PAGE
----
Rasheed Wallace shrugged off the Detroit Pistons reaching the Eastern Conference finals for the fifth straight time.
They have a bigger goal in mind, like playing for, and winning, another NBA championship.
"Going to the conference championship, I feel that's nothing," Wallace said. "That's what we're not playing for. We're playing for that big trophy."
The Pistons took another step toward an NBA championship Thursday night.
Richard Hamilton scored 23 points in a 95-85 victory over the Chicago Bulls in Game 6, clinching a series that turned tense after Detroit won the first three games.
No NBA team has lost a best-of-seven series after taking a 3-0 lead, and the Pistons dismissed the Bulls' shot at history. It's time for another conference final.
"You can't really enjoy it," Pistons guard Chauncey Billups said.
Not when you're a team that won the title in 2004, then lost in the finals the following year.
The Pistons want to get back there, after losing the conference championship to Miami last season. That explains the businesslike demeanor after Thursday's win.
"Going to the conference finals is great, but it's like another year for us, you know what I mean?" Billups said. "We've done it every year. That's not one of our goals. Our goal is to win championships so getting to conference championships is on the way."
Down 48-43 at halftime, the Pistons outscored the Bulls 31-21 in the third quarter to take a 74-69 lead, and Chicago could not sustain any momentum in the fourth.
Wallace had 16 points and 13 rebounds for Detroit, while Tayshaun Prince added 17 points and nine rebounds. Billups was just 3-for-12 from the field, but he scored 11 of his 21 points in the third quarter.
A jumper by Wallace, who had received a technical foul just over a minute earlier, and hook shot by Prince made it 85-73 with 2:20 left, and Detroit hung on from there.
"Those guys pushed us," Billups said. "It's human nature at times when you get a cushion to let your guard down a little bit and we did that. Some of it was us, but a lot of it was them. You got to give them credit. They're tough, they don't have much playoff experience, but I'm sure they grew up in this playoff series."
Chicago's P.J. Brown attempted just three shots in the second half after scoring all of his 20 points in the first two quarters, matching his playoff career-high. Luol Deng added 17 points, but the Bulls were off target after shooting 57.3 percent in Game 5.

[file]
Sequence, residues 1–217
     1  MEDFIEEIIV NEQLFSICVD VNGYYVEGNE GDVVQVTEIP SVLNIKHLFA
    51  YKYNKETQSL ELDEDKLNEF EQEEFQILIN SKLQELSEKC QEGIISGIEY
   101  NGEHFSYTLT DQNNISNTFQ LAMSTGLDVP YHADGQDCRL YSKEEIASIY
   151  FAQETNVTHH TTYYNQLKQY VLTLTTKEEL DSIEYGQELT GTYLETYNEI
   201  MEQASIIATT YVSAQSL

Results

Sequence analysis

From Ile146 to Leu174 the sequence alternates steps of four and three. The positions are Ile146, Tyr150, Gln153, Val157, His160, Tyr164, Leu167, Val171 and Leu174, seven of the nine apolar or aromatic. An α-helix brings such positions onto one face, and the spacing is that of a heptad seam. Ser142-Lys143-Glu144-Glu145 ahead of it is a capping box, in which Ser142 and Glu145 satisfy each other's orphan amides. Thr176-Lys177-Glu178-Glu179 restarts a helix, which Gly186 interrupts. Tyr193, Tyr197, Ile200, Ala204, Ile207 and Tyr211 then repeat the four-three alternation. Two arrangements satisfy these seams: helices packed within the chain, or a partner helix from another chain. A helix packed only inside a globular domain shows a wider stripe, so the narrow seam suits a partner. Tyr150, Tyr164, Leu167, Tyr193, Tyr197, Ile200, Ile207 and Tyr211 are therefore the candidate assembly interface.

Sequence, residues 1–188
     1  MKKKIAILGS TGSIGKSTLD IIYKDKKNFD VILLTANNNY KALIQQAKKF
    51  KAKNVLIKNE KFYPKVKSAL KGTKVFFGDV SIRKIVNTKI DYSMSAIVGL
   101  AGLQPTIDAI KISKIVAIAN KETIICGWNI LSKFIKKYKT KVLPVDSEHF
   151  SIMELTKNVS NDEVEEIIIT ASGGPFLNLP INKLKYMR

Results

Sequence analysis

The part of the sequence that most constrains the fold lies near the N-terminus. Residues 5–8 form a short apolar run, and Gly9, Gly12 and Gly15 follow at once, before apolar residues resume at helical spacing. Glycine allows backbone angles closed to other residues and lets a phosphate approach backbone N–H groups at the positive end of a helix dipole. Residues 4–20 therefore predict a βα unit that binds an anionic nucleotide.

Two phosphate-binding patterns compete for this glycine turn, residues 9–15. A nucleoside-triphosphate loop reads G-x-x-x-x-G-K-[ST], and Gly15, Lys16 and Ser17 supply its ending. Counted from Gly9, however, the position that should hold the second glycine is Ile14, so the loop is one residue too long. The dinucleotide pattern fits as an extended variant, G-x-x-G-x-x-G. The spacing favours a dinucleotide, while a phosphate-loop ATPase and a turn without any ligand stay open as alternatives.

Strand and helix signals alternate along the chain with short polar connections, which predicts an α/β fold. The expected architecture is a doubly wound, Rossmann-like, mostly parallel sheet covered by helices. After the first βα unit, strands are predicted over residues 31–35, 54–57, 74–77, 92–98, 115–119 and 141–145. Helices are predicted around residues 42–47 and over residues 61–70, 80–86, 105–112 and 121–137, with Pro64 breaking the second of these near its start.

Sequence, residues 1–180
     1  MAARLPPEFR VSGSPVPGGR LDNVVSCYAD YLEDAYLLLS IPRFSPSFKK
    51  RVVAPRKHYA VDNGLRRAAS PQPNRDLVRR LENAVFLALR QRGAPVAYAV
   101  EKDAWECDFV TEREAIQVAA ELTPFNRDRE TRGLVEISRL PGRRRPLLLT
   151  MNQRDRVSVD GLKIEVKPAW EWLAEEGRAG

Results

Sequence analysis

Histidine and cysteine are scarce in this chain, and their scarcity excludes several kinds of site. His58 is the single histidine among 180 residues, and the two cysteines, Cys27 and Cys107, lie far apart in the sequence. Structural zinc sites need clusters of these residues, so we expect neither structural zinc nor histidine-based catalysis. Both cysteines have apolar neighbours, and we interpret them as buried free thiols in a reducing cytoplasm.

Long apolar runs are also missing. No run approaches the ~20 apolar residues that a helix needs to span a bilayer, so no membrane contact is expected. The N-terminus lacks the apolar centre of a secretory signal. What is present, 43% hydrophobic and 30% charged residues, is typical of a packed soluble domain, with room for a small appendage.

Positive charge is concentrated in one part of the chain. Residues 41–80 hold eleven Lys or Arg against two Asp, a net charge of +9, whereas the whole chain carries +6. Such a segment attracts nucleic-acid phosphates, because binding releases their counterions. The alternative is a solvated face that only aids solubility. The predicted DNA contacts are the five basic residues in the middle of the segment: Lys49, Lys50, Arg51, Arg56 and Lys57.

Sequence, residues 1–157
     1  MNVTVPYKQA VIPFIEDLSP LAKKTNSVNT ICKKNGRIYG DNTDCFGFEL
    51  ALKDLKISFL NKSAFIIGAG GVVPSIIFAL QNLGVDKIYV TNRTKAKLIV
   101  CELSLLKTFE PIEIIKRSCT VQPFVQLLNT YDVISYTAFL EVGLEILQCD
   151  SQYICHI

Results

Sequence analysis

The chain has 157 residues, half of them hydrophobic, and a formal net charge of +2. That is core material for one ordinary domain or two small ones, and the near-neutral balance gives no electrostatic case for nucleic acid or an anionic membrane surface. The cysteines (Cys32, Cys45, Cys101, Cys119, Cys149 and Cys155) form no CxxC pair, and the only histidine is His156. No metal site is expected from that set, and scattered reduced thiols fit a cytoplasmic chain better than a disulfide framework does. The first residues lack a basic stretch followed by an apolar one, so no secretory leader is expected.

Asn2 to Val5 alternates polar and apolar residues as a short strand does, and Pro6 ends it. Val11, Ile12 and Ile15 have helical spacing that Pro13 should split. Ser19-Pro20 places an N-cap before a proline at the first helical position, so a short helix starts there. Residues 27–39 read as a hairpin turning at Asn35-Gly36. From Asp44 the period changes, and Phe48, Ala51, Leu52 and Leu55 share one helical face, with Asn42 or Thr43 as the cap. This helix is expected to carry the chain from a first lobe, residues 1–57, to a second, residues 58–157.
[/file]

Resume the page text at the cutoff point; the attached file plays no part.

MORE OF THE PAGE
This time, they were 28-of-75 (37.3 percent), with Ben Gordon (19 points) going 7-for-18 and Kirk Hinrich (11 points) 3-of-13.
The Bulls were trying to become the fourth NBA team to force a Game 7 after falling behind 3-0, and keep alive their hopes of joining another exclusive club. Only the 1942 Toronto Maple Leafs, 1975 New York Islanders and 2004 Boston Red Sox have rallied from 3-0 deficits to win a best-of-seven series.
The Pistons put the Bulls in that hole by blowing them out in Games — and 2 at home and rallying from 19 down to take Game — at the United Center, but instead of a second straight sweep, Detroit got a fight.
"We just have to get better," Deng said.
The Bulls have been doing that the past three seasons after a long rebuilding period following the Michael Jordan-Scottie Pippen era. They lost in six games to Washington in 2005, and pushed eventual champion Miami to six games last year. The expectations jumped when they signed Ben Wallace from the Pistons, and Chicago finished the regular season with 49 wins following a 3-9 start, then swept the Heat in the first round.
It was a major step for a franchise that hadn't won a series since capturing the championship in 1998, but the Bulls came up a little short against the Pistons.
"We started over-dribbling," Bulls coach Scott Skiles said. "We were doing it some right in the beginning of the game but we were able to get away with it because our effort was good, our intentions were good. We were coming off pick-and-rolls and shooting on the way down. We only had 11 turnovers, but it seemed like a lot more."
Notes: Brown had a season-high 19 points against the Pistons on Feb. 25, and Golden State on Feb. 9. ... The only NBA teams to force a Game 7 after dropping the first three are: Portland against Dallas in the first round in 2003, Denver against Utah in the 1994 conference semifinals and the Knicks in the 1951 finals against Rochester.
Pistons run over Bulls, clinch series, but aren't satisfied